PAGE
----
If you are a regular reader of Feasts for All Seasons you may notice a few changes to the site. That’s because in the recent, nearly month long lull without recipes I was in the process of finally deciding to move this blog from wordpress to its own domain. I say “I” but I had some technical help and a lot of moral support as I neurotically panicked about, well, everything.
When I started FFAS nearly 2 years ago it was just a trial. I had the idea in my head that I wanted to write a cookbook but wondered if i had enough material and truly enough of a desire to write that much about cooking or take all the pictures. The blog began as a practice run, a temporary try at something I thought I liked doing. What it became was a major ongoing project and something I love to do. The book is in progress (though without a publisher!)
When I decided to make the switch, I was terrified! What if I lost content or had to re-build posts? I know nothing about websites, what if I was technically deficient? Why did I even want to change it? Getting off the free wordpress blog platform means more flexibility with site content and customization. It also means that the site can expand and change more as it grows and evolves. I hope that you like the format and any feedback you have will be appreciated; good, bad or ugly.
So how do Nanaimo bars factor in? When I first started talking about making big blog changes it became glaringly obvious that I was a bit in over my head and was not too confident with the technical aspect (which I understand isn’t hard, but it’s sort of like performing minor surgery on your own child … you can be just too close to the situation). Luckily, a guy that I work with stepped up to help and not only moved the blog, helped me search for the perfect widgets, redirected traffic from the old URL and made it such that subscribers are still subscribed and will continue to get email updates when posts are deployed. For an analog brain like mine, that was a real gift. In return I offered to cook or bake him anything he wanted. Anything at all. With almost no hesitation, he smiled and said “Nanaimo Bars”.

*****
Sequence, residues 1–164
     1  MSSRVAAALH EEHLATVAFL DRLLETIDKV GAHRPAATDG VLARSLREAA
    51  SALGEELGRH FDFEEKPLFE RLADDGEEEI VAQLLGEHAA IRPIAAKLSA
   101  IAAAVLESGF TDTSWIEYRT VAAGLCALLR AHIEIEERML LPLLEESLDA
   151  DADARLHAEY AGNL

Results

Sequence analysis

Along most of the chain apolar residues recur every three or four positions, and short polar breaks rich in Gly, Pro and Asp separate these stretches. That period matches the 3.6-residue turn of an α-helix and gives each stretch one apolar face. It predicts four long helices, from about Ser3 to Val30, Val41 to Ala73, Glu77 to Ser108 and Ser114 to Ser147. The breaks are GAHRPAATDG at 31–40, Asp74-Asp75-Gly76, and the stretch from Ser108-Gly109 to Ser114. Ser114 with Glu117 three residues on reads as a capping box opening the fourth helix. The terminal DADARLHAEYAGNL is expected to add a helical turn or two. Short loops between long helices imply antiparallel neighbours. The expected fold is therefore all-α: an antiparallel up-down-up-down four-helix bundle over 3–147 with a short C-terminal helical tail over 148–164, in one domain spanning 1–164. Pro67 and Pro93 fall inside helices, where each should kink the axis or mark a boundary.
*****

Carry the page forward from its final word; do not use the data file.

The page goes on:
Nanaimo bars are a regional treat from Nanaimo, a small city on Vancouver Island, not so very far from Vancouver. They are a very common dessert here and from what I have heard, are popular in many places, some quite far afield. No matter where you are or where you are from, they are a delicious treat and I hope that they work well as payment for the blog update. I’m sharing a slightly tweaked version of the “official” recipe, courtesy of the City of Nanaimo. Enjoy!
This recipe is made in 3 distinct layers and fits in an 8×8 square pan.
For the bottom later:
½ cup unsalted butter, melted (substitute margarine for a vegan version)
¼ cup sugar
5 Tbsp cocoa
1 ¼ cups graham wafer crumbs
½ C pecans
1 cup shredded coconut
Combine everything but the butter in a food processor and pulse until the nuts and coconut are finely chopped. Add the melted butter with the machine running. The mixture will be like damp sand. Pack the crumbs firmly and evenly into the bottom of a 8×8 inch pan.
For the middle layer:
½ cup unsalted butter (substitute margarine for a vegan version)
2 Tbsp plus 2 tsp milk (substitute soy, etc. for a vegan version)
2 Tbsp. vanilla custard powder (eliminate for a vegan version)
2 cups icing sugar
In a mixer, beat together the butter and custard powder, slowly adding the icing sugar and milk. Beat well until pale and fluffy. Spread this frosting over the bottom layer, making a thick, even layer.
For the top layer:
4 oz. (2/3 of a cup) semi sweet chocolate
2 Tbsp butter
Melt the chocolate and butter together over medium low heat (or in the microwave) until liquid and pour-able. Pour over the middle layer and spread evenly. Chill in the refrigerator at least 30 mins before cutting. These are very rich so cut them small (makes 24-36 little bars)